The Occupational Safety and Health Organization limits exposure in the workplace, up to .75 parts per million for an eight-hour day, but the EPA says that at air levels of .10 or above, "acute health effects can occur."
OSHA regulations say that formaldehyde is "reasonably anticipated to be a human carcinogen," and is sometimes associated with nasal and sinus cancer.
Lawsuits, new regulations and the advent of safer home building materials limited the use of formaldehyde by the early 1990s, and trailer manufacturers said they would voluntarily comply, Godish says.
But in 2006, the Sierra Club began receiving health complaints from hundreds of displaced Hurricane Katrina victims who were living in cheaply constructed trailers provided by FEMA.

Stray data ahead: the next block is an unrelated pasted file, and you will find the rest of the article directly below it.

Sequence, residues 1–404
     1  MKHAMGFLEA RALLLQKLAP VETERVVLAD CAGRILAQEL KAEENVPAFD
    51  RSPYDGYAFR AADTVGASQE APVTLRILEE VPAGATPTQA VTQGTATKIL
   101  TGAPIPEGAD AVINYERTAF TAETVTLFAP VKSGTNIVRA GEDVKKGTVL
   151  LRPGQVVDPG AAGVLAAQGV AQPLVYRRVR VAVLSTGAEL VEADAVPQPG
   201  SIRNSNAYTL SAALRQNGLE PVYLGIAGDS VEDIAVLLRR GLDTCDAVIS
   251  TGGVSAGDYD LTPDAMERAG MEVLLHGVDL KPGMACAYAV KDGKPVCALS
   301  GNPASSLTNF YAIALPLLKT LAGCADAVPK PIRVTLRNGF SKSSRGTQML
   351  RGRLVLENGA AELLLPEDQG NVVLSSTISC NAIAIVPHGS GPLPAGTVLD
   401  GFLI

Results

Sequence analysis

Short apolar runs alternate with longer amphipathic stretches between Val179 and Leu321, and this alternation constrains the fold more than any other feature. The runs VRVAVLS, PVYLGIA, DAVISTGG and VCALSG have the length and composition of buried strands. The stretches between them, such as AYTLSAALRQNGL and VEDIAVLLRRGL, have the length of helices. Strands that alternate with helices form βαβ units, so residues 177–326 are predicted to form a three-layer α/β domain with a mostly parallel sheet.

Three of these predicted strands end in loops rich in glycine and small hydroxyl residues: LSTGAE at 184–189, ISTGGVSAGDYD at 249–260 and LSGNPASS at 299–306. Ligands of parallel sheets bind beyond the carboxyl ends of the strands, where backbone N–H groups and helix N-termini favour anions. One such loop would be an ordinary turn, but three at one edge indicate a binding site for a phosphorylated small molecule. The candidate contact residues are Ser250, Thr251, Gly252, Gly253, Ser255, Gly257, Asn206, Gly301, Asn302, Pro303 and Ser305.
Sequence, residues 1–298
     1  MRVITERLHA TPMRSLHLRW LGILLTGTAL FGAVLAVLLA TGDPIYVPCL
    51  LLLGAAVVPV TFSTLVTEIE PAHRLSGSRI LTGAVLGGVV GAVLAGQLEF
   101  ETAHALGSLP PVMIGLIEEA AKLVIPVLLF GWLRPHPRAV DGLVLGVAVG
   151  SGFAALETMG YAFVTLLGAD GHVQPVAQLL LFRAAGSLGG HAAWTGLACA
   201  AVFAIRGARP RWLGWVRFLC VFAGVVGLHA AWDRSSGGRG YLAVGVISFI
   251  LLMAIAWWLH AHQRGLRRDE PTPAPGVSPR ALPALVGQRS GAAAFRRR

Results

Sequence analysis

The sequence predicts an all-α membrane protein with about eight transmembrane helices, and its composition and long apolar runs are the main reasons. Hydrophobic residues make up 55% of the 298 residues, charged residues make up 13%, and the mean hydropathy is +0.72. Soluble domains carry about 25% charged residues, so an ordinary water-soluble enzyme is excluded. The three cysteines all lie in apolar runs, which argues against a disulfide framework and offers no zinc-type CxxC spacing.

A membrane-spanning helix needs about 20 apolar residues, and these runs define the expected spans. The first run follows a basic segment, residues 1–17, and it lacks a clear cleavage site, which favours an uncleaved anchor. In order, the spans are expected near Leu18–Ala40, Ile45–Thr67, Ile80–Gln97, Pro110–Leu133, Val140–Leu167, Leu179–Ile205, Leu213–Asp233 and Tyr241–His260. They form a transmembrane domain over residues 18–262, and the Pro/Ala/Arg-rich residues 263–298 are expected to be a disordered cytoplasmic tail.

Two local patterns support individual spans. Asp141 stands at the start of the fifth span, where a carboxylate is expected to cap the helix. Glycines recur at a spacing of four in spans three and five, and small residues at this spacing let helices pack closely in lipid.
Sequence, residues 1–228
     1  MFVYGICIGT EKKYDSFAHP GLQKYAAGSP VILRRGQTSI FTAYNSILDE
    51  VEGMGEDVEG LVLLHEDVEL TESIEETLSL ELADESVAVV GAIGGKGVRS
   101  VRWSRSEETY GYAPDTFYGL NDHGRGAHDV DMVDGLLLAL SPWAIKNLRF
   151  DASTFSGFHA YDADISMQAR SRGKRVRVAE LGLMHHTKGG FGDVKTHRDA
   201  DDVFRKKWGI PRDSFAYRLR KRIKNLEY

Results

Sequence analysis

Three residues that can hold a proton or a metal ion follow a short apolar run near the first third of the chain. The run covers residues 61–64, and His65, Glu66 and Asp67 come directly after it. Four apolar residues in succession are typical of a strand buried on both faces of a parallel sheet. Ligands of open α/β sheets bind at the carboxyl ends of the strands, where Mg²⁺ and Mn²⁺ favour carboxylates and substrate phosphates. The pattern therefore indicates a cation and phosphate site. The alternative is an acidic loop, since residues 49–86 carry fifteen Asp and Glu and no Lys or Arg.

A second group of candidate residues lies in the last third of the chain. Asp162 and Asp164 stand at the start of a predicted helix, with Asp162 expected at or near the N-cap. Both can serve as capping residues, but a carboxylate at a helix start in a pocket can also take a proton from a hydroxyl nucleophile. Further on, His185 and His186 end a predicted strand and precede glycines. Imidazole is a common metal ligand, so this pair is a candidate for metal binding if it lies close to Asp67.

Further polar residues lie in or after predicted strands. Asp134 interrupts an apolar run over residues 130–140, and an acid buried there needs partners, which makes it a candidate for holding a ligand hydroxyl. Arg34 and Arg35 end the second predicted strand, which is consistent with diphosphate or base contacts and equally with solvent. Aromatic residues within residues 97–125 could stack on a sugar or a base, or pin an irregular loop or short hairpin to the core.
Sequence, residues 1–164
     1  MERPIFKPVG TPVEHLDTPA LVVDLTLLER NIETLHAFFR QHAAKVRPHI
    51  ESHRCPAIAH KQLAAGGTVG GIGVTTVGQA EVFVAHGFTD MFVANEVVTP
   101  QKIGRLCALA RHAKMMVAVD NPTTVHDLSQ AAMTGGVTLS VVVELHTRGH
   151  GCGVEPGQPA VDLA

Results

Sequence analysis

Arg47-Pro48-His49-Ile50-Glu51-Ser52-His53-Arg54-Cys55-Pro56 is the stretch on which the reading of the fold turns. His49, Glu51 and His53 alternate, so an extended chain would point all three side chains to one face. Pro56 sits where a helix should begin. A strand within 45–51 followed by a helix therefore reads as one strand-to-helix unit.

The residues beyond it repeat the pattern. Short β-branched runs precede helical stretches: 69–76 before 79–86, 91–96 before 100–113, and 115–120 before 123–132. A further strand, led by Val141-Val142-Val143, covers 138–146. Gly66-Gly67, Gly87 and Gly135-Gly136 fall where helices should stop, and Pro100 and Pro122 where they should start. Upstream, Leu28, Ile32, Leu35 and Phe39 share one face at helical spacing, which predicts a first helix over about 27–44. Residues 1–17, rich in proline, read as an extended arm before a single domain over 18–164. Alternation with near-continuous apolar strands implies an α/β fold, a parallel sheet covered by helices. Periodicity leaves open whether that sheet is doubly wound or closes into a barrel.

When the environmental group began testing the air quality, it found 83 percent of the trailers had levels three times higher than the EPA limit.
The Sierra Club has set up a Web site for complaints and, those who experience problems can purchase a test kit to see if their housing units have high formaldehyde levels.
"FEMA housing units should come with a warning sign: Hazardous to your health," said Bill Corcoran, Sierra's regional representative in Los Angeles. "Fire survivors shouldn't be victimized by their own government."